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San Juan, Puerto Rico is one of the Caribbean’s most popular ports. Cruise ships flock to dock in this beautiful Spanish Colonial city for good reason. The cobblestone streets of Old San Juan are easy to explore on a cruise day trip and most day excursions are fully back in business after the destruction from Hurricane Maria. Here are the top things to see on a port day in San Juan, Puerto Rico.

RELATED: 3 perfect days in San Juan, Puerto Rico

San Juan Port Day - -2

Wander the beautiful streets of Old San Juan | Photo by

Get lost in the colorful streets of Old San Juan
It’s easy to get hooked on the vibrant colors of Old San Juan. Everywhere you look are pastel yellows, pinks and blues covering the city’s classic Spanish Colonial architecture and revealing an assortment of restaurants, cafes and (let’s be honest) souvenir shops. If nothing else, the postcard-perfect buildings alone are worth the stop.

Sample your way through the Casa Bacardi rum tasting
Puerto Rico is home to one of the world’s largest rum brands and they are proud of their sugarcane-based spirit. At Casa Bacardi in Cataño (adjacent to San Juan), you’ll sample sugar cane rums that have been aging to golden brown perfection for years and years. Casa Bacardi is the perfect place to slow down for an afternoon and get a taste of how rum shaped the Caribbean and became an integral ingredient in many of your favorite cocktails.

RELATED: Places to celebrate National Rum Day

Feed the pigeons at Parque Las Palomas
One quirky stop you shouldn’t miss in Old San Juan is Pigeon Park, located about halfway up the hill to the Castillo on the western edge of town. With a fist full of bird feed you’ll make quick friends with the hundreds of Pigeons who call this park home. Pose with them on your arms, or simply have fun feeding the birds; either way, it promises to be a memorable time in Old San Juan.

San Juan Port Day - Mofongo - Flickr

You can’t leave San Juan without trying Mofongo | Photo by Eugene Kim – Flickr cc

Learn to cook mofongo
A trip to Puerto Rico wouldn’t be complete without tasting mofongo, a staple dish. It’s available everywhere, but the best way to appreciate it is to help make it. Mofongo is made from plantain, which looks like a banana, but is denser and used as a starch in the Caribbean. The plantain is used as the base of the dish, almost as a small bowl to hold the rest of the yummy ingredients. You need to see the love that goes into the dish to truly grasp the affection locals have for mofongo and the best way to do this is via cooking classes hosted by operators like Flavors of San Juan.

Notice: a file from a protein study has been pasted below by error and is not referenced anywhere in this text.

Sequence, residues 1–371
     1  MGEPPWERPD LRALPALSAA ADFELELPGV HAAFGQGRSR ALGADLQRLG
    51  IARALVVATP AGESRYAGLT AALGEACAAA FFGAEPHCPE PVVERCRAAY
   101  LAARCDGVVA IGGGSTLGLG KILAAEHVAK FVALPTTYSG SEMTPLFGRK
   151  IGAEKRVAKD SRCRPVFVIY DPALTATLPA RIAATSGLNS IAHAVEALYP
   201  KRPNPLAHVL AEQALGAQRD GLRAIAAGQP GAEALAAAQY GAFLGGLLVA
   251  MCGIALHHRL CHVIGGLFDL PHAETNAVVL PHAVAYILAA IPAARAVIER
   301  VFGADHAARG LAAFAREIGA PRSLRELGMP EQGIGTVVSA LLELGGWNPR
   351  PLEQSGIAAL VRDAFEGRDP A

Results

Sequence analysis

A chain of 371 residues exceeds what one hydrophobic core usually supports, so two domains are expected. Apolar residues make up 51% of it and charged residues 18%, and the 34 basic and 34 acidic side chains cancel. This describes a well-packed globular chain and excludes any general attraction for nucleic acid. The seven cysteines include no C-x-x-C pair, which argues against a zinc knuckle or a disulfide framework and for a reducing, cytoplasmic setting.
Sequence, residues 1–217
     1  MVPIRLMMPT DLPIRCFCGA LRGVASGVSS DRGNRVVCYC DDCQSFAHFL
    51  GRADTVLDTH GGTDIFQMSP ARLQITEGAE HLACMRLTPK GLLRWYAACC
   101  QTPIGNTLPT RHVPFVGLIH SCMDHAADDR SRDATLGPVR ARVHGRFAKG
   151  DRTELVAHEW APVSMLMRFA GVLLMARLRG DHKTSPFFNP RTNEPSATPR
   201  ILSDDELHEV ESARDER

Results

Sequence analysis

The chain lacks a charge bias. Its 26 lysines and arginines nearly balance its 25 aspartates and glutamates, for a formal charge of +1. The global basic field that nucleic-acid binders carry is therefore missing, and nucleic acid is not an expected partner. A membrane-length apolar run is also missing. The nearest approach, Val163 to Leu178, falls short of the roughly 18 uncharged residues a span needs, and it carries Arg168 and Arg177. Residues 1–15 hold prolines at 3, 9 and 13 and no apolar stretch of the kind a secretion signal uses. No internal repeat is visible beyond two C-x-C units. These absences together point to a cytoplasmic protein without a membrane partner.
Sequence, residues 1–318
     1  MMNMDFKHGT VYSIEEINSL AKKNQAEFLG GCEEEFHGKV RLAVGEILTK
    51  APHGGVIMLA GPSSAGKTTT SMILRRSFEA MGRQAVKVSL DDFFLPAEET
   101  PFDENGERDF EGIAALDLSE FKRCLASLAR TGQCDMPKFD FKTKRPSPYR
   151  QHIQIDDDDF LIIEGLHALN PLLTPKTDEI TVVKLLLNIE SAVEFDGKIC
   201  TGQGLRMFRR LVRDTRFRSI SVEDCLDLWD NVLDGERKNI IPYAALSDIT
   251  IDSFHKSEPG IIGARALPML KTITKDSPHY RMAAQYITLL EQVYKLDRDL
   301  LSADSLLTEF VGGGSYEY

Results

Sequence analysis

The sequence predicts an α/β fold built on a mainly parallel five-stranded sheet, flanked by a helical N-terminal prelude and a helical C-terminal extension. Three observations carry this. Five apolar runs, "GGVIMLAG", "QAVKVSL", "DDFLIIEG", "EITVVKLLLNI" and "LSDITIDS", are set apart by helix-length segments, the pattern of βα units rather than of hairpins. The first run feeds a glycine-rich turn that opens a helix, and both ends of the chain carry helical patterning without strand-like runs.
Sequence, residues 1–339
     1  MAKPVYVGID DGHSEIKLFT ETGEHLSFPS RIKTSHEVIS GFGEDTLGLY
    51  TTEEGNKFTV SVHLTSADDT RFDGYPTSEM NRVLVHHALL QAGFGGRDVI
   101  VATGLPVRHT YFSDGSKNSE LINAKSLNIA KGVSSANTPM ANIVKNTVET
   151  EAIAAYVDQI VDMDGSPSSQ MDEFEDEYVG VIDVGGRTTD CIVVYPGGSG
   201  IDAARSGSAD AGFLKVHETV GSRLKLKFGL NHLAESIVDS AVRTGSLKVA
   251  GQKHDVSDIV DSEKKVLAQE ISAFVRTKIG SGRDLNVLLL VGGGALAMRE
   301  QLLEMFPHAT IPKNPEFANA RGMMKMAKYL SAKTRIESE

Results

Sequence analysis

Have a piña colada in the place where it was born
Did you know that the piña colada was actually invented right here in Old San Juan? Well, it was, somewhere in Puerto Rico. As is the case with most world-famous drinks, there is a debate over who created it first. Taste it at one of the bars that surely had a hand in its invention, the Barrachina located right in Old San Juan.

Don’t miss the Castillo while in San Juan | Photo by

Visit the Castillo San Cristóbal—at sunset
One of your last stops on a perfect port day in San Juan should be the Castillo at the top of Old San Juan. (Most cruise ships stay in San Juan until later in the evening.) If you’re lucky enough to have a late sailing from Puerto Rico, make sure to take advantage and see the old fort and battlements carved into the hillside at sunset. The westward facing fortress makes for the perfect foreground image against pink and orange skies. Even if you leave San Juan before the sun has had a chance to set, a trip to the Castillo is still a must.

San Juan Port Day - GetingStamped

Always take the opportunity to go chase waterfalls! – Photo by

Chase waterfalls in El Yunque National Forest
Nature lovers will fall for the rugged beauty of El Yunque, located about an hour outside of Old San Juan. Well kept hiking trails lead to a collection of stunning waterfalls, making El Yunque the perfect place to spend your port day immersed in natural beauty. The main attraction is La Mina Falls, but a short walk down a hidden path will lead you to a quieter, yet just as magnificent waterfall.

Note: Due to damages wrought by hurricanes Irma and Maria, El Yunque National Forest only recently re-opened to the public (mid-February). Many areas may still be undergoing clean-up efforts.

Tagged: Caribbean, Puerto Rico

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Hannah & Adam | Getting Stamped Bloggers
Hannah & Adam are travel writers & photographers who have called the road home since 2013. Their passion for adventurous travel has brought them to 60 countries and counting. They blog about their adventures on their travel blog

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